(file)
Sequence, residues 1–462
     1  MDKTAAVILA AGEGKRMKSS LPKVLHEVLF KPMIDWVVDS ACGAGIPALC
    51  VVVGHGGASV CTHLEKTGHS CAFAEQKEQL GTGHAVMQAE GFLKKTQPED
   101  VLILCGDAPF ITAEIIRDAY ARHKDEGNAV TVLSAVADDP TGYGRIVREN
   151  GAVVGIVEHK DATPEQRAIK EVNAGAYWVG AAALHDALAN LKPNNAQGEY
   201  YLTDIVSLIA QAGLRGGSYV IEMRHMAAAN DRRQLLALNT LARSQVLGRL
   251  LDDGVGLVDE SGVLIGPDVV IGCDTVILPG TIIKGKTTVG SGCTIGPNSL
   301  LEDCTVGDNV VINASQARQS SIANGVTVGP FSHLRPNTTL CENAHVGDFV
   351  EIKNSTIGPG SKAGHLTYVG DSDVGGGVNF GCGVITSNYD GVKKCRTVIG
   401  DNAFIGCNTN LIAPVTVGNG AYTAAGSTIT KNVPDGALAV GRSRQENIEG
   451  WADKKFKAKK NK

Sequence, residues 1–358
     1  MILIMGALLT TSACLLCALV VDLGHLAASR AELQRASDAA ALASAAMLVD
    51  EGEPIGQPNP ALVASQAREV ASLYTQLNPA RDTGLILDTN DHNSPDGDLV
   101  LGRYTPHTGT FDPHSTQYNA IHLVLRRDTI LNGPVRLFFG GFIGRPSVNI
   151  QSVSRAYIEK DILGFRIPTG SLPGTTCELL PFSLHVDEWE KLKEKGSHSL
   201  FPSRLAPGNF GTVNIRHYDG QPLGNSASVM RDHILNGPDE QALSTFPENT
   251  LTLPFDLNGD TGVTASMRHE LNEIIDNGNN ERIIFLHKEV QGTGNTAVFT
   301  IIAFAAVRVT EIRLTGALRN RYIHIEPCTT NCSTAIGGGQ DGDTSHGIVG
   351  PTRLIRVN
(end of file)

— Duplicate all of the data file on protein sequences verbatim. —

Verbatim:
Sequence, residues 1–462
     1  MDKTAAVILA AGEGKRMKSS LPKVLHEVLF KPMIDWVVDS ACGAGIPALC
    51  VVVGHGGASV CTHLEKTGHS CAFAEQKEQL GTGHAVMQAE GFLKKTQPED
   101  VLILCGDAPF ITAEIIRDAY ARHKDEGNAV TVLSAVADDP TGYGRIVREN
   151  GAVVGIVEHK DATPEQRAIK EVNAGAYWVG AAALHDALAN LKPNNAQGEY
   201  YLTDIVSLIA QAGLRGGSYV IEMRHMAAAN DRRQLLALNT LARSQVLGRL
   251  LDDGVGLVDE SGVLIGPDVV IGCDTVILPG TIIKGKTTVG SGCTIGPNSL
   301  LEDCTVGDNV VINASQARQS SIANGVTVGP FSHLRPNTTL CENAHVGDFV
   351  EIKNSTIGPG SKAGHLTYVG DSDVGGGVNF GCGVITSNYD GVKKCRTVIG
   401  DNAFIGCNTN LIAPVTVGNG AYTAAGSTIT KNVPDGALAV GRSRQENIEG
   451  WADKKFKAKK NK

Sequence, residues 1–358
     1  MILIMGALLT TSACLLCALV VDLGHLAASR AELQRASDAA ALASAAMLVD
    51  EGEPIGQPNP ALVASQAREV ASLYTQLNPA RDTGLILDTN DHNSPDGDLV
   101  LGRYTPHTGT FDPHSTQYNA IHLVLRRDTI LNGPVRLFFG GFIGRPSVNI
   151  QSVSRAYIEK DILGFRIPTG SLPGTTCELL PFSLHVDEWE KLKEKGSHSL
   201  FPSRLAPGNF GTVNIRHYDG QPLGNSASVM RDHILNGPDE QALSTFPENT
   251  LTLPFDLNGD TGVTASMRHE LNEIIDNGNN ERIIFLHKEV QGTGNTAVFT
   301  IIAFAAVRVT EIRLTGALRN RYIHIEPCTT NCSTAIGGGQ DGDTSHGIVG
   351  PTRLIRVN